The Manawatū Car Club prepares to celebrate its 75th anniversary.
The Manawatu Car Club is gearing up to celebrate a 75-year milestone.
The club, formed by a small group of enthusiasts in June 1947, is one of the oldest in the country and one of the founding clubs which formed the Motorsport Association of New Zealand.
The club celebrated its 75th anniversary this year and the celebrations will culminate in a two-day motorsport festival at Manfeild in Feilding on Saturday and Sunday.
The event is a thank you to the community, acknowledging their support of the club over the years.
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From the earliest days, the club earned an enviable reputation for success due to its visionary approach to the sport.
Shortly after the club’s inception, it partnered with the Air Force to race at Ōhakea Base Airfield, using the runway and taxiways.
This led to the club hosting the first New Zealand Grand Prix in 1950, while Ōhakea Trophy meetings continued until 1956.
Three decades later, the races returned to the Air Force base with a popular Ōhakea Reunion series.
One of the club’s greatest achievements was the construction of the Manfeild Circuit on marshland on the southern edge of Feilding in 1973.
The most notable feature were the sloping corners which presented a major challenge to D Higgins and Sons, who were contracted to do the construction.
New techniques were developed to meet design requirements and the first meeting took place nine months after the first turf was developed.
Meetings with top Australian riders began the following year, but it was in the late 1980s that Manfeild became truly international.
Against all odds, the Feilding track hosted the final round of the FIM Superbike World Championship for the first of four times, the only circuit in New Zealand to have achieved such status.
The club also has a proud history of member achievement at the regional, national and international level.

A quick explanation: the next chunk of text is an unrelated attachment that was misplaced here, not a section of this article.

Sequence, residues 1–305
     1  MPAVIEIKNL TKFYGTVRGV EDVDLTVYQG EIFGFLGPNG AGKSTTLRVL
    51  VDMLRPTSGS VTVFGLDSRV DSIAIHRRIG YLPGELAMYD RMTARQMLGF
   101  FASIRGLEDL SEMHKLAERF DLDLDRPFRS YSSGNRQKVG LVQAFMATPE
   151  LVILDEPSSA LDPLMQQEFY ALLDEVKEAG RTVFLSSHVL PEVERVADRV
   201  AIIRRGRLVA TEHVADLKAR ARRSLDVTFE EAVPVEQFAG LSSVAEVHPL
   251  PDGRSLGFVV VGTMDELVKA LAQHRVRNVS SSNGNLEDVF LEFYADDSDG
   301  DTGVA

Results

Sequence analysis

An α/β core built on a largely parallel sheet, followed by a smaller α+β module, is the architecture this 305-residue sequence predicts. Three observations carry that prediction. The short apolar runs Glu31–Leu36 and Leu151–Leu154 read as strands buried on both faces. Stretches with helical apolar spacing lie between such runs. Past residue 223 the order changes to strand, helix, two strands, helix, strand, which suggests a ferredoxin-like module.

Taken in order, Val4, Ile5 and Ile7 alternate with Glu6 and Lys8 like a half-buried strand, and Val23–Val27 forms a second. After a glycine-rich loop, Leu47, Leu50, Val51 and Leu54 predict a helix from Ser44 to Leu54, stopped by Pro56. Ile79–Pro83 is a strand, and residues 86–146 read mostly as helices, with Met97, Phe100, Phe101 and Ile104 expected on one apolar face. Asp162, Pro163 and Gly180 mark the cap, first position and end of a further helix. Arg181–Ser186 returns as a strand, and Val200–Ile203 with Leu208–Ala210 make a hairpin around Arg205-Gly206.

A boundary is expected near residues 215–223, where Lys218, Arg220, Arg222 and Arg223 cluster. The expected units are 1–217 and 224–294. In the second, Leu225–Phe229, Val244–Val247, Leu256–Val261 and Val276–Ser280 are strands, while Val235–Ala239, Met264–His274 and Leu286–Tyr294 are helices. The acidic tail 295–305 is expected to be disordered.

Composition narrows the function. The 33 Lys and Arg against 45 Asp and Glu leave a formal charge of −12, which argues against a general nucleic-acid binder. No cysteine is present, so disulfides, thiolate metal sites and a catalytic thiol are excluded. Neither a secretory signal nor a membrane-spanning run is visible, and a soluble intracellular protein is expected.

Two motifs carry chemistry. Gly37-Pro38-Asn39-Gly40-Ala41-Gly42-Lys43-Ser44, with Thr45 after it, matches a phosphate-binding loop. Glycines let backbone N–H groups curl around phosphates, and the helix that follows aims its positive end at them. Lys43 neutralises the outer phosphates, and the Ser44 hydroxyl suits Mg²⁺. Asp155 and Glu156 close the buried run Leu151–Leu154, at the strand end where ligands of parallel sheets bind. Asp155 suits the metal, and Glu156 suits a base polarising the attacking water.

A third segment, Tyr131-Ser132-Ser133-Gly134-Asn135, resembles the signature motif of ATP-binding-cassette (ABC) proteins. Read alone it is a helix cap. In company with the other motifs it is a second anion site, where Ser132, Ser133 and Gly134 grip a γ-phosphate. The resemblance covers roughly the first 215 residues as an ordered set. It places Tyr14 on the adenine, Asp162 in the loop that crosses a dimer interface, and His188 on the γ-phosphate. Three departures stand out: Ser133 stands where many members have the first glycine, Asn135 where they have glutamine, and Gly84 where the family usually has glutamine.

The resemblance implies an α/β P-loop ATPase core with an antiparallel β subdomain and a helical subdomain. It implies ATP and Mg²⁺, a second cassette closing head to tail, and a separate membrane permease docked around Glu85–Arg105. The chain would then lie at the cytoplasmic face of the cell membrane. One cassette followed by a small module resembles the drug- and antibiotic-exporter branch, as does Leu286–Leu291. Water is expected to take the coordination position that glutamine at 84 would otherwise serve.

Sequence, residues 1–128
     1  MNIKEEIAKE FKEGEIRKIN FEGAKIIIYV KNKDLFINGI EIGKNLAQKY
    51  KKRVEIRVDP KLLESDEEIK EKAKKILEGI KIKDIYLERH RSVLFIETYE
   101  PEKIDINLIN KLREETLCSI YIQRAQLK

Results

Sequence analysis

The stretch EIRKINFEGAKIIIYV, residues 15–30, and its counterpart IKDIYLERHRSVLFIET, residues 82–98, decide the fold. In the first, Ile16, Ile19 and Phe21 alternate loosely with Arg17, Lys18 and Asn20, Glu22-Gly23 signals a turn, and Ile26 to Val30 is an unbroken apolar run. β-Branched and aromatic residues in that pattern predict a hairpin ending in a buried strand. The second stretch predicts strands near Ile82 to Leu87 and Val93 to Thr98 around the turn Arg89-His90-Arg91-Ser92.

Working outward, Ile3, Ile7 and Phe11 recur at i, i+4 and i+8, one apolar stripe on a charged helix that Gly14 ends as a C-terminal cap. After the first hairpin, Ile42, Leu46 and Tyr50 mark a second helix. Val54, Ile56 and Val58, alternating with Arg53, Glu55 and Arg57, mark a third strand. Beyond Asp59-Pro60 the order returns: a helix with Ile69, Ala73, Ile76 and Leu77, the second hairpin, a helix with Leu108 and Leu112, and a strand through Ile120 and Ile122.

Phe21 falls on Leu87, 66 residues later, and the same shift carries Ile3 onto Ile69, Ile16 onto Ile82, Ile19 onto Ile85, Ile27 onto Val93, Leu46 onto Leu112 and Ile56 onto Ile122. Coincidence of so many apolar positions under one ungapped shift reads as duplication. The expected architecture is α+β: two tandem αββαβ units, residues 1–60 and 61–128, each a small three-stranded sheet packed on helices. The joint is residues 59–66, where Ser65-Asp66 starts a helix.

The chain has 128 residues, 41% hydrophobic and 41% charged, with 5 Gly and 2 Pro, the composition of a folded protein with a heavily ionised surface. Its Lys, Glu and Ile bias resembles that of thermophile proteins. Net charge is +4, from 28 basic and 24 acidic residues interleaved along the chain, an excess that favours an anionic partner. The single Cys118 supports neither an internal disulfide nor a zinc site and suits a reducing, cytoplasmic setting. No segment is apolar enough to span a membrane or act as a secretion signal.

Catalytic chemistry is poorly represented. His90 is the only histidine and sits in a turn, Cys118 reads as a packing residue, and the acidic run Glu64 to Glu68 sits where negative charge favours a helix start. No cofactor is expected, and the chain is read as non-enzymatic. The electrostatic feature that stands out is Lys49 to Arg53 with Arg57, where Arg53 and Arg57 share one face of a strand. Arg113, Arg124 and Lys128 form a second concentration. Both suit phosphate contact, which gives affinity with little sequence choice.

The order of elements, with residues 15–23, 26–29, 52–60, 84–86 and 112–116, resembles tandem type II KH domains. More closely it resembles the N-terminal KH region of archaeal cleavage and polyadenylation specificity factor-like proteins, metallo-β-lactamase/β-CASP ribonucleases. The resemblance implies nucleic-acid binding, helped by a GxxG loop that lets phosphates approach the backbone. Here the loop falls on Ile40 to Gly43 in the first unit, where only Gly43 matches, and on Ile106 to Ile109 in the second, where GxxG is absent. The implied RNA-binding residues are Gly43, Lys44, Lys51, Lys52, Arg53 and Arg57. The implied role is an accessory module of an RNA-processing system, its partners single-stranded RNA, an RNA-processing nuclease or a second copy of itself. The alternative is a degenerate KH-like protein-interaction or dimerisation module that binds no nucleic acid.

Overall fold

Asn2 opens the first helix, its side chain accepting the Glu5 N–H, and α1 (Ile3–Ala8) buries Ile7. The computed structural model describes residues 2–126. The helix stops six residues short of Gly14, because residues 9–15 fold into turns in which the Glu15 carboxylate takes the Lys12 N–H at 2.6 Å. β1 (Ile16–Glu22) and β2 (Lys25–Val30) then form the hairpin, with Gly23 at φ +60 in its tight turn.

The list includes many national racing and rally champions, while on the world stage Brendon Hartley became the ninth New Zealand driver to compete in Formula 1 before winning several Le Mans 24 Hours races and world championships. of stamina.
His older brother, Nelson, set a land-class speed record at the Bonneville Salt Flats in the United States, driving the world’s fastest mini prepared by Hartley Engines at an average round trip of 251.130 km/h in 2016 .
Today the club has the largest membership in the country with over 450 people, a result of the local focus with its successful summer and winter series attracting riders from the Northern Isles and the South.
The 75th Anniversary Final begins Friday afternoon with a vehicle display and activities in Feilding’s Manchester Square from 4:00 p.m. to 5:30 p.m., followed by two full days of racing at Manfeild, which will include vehicle demo sessions at the drift and specials of various groups.
This year’s winter series has attracted record entries for each round and organizers believe round four could bring a record series of over 150 competitors.
The race will be close and fiercely contested in all eight classes as the series points are extremely tight, with several outcomes potentially decided on the last lap of the final races.
A special attraction will be the Historic and Vintage Racing Association.
Members of the association will take part in the circuit for the first time in many years.
These enthusiasts drive real race cars from the early 1960s to the mid 1970s with decent history.
With a focus on families, kids can collect bumper stickers to put on a memorial folder.
For the public there will be an expanded food court and the ability to walk the circuit during lunch breaks, a unique experience, with donations supporting Manchester House’s suicide awareness programme.
Races start at 9am both days with free entry.